He said the popular protest movement did not at first amount to a revolution but that NATO’s intervention, which he said was ill-advised, transformed it into one.

Gaddaf al-Dam's critics maintain he broke with the dictator because he realized the regime was finished and he wanted to avoid the consequences of remaining by his side.

Since Gadhafi's fall, Libya has splintered. In December, United Nations diplomats and Western leaders announced the creation of a Government of Naitonal Accord, but the House of Representatives still hasn't recognized it.

Gaddaf al-Dam told VOA he supports the idea of the U.N.-brokered unity government but that his backing is conditional on the release of jailed Libyans. “We have more than 30,000 people in jails for five years without even going before courts. We have 2 million refugees inside and outside Libya," he said. "Let’s forget about the past and get together and solve the mess and stop the bloodshed we see every day.”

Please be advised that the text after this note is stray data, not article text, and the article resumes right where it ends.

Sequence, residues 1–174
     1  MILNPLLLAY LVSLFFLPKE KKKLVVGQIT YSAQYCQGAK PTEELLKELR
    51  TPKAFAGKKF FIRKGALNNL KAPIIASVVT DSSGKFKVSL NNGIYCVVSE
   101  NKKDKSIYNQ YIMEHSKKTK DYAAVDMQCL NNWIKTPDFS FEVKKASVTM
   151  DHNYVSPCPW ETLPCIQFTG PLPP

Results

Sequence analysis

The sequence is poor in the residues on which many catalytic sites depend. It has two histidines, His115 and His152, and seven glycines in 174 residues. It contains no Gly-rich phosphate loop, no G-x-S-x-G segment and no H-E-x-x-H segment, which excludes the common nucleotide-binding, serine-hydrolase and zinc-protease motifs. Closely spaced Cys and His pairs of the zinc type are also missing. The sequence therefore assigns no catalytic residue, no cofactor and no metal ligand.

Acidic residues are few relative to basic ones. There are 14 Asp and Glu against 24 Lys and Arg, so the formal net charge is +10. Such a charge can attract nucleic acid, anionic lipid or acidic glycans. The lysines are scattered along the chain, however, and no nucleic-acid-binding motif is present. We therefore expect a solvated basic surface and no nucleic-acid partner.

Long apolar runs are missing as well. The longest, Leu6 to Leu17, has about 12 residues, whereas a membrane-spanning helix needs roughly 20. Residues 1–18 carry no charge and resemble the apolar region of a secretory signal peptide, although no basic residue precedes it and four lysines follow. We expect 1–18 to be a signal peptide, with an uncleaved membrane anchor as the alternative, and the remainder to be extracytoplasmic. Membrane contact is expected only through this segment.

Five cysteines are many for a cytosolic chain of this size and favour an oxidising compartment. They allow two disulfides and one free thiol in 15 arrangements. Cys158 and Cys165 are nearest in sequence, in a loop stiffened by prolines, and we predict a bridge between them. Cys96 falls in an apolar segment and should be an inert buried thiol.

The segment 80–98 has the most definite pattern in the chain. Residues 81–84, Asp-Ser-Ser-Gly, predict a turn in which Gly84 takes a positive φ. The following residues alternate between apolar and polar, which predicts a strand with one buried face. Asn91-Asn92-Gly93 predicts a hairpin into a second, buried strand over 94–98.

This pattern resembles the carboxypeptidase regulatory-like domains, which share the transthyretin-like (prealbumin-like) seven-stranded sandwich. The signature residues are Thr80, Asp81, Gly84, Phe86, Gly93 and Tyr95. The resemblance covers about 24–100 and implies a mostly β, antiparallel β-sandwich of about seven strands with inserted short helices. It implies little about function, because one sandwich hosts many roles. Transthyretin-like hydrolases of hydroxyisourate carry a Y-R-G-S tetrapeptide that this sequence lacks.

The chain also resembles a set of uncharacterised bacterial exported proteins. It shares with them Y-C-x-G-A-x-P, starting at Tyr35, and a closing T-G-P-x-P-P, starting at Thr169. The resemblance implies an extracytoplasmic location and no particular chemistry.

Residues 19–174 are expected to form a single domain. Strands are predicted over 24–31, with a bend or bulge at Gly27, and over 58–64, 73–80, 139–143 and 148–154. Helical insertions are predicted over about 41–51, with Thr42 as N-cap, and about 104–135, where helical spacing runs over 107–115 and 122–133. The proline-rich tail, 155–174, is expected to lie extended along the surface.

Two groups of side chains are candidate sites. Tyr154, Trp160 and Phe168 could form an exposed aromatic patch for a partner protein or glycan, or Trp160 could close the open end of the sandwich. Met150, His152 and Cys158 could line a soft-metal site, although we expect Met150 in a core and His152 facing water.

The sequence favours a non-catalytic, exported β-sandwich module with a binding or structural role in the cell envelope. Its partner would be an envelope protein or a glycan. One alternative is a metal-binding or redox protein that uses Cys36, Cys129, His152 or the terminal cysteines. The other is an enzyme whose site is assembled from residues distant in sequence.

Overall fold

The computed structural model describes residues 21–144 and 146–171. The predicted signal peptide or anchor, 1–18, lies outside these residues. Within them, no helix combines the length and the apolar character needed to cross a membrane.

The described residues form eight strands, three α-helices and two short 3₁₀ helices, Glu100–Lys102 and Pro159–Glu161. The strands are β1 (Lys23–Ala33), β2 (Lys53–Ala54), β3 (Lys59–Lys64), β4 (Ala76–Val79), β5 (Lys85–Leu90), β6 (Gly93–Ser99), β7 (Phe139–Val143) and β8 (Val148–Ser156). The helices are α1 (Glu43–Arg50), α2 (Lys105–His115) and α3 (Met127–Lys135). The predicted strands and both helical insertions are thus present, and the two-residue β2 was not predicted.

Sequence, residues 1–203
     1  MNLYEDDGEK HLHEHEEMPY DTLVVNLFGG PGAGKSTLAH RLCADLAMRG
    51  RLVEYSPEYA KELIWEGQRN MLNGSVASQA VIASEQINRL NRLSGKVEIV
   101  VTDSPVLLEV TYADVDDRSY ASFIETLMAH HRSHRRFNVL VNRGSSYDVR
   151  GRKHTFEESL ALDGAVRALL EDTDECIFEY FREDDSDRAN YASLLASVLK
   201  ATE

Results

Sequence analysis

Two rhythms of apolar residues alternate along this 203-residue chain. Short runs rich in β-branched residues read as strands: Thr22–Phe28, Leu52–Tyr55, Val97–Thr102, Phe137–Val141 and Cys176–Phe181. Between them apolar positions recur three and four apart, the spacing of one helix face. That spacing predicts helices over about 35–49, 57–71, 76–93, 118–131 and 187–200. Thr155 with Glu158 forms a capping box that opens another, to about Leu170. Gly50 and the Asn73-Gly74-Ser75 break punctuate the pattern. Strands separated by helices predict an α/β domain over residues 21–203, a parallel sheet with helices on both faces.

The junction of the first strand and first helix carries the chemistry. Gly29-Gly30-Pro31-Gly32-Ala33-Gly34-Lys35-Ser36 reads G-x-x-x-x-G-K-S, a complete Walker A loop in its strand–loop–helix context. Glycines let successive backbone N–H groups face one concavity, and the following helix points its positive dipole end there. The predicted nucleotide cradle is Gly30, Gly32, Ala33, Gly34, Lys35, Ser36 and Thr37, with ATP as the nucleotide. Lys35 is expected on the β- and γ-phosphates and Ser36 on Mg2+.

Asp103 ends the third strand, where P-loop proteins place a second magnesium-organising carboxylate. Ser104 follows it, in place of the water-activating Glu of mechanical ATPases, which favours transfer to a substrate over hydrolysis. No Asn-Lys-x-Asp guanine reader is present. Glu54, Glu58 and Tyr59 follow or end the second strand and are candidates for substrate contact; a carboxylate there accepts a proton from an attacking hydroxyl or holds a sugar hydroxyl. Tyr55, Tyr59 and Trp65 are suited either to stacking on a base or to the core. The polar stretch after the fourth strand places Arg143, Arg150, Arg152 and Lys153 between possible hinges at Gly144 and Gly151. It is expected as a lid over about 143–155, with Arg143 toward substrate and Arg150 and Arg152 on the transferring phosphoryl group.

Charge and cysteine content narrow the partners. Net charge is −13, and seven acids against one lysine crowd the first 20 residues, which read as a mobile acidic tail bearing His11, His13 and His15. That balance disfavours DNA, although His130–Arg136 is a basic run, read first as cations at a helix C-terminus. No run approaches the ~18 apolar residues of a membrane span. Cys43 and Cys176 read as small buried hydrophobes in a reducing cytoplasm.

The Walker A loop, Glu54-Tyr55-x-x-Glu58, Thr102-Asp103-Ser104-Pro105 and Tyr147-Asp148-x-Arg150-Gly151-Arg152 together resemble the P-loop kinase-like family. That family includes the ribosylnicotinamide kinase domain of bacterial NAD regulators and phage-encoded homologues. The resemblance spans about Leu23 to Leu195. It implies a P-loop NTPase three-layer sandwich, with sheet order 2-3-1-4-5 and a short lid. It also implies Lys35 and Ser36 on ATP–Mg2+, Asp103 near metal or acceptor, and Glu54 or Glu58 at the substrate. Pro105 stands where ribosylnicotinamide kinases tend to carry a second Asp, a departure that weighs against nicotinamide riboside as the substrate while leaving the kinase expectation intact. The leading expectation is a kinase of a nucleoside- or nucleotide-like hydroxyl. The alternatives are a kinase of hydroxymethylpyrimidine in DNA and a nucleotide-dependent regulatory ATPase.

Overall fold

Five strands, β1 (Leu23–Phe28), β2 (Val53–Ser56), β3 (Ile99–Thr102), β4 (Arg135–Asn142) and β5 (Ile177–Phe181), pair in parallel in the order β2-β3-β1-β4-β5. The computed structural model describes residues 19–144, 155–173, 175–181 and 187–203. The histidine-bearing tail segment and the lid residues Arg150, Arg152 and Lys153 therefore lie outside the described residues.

The priority, he argues, is to stop Islamic State militants from expanding their reach in the country. “There are thousands of them now in the country and if it persists, then Libya will become like Somalia, there will be no peace in the Mediterranean or across North Africa, and we will have conflict for 20 years or more. Let’s wake up and forget about the past. Let’s build a new country,” he said.

While welcoming the new unity government, he harbors doubts it will prevail. He said the newly announced members of the government have “no experience and I don’t think they will be able to do anything for Libya.” He said former government figures should be in the administration. “Why not? It is their country too,” he said.

It isn’t a sentiment embraced by Libyan revolutionaries.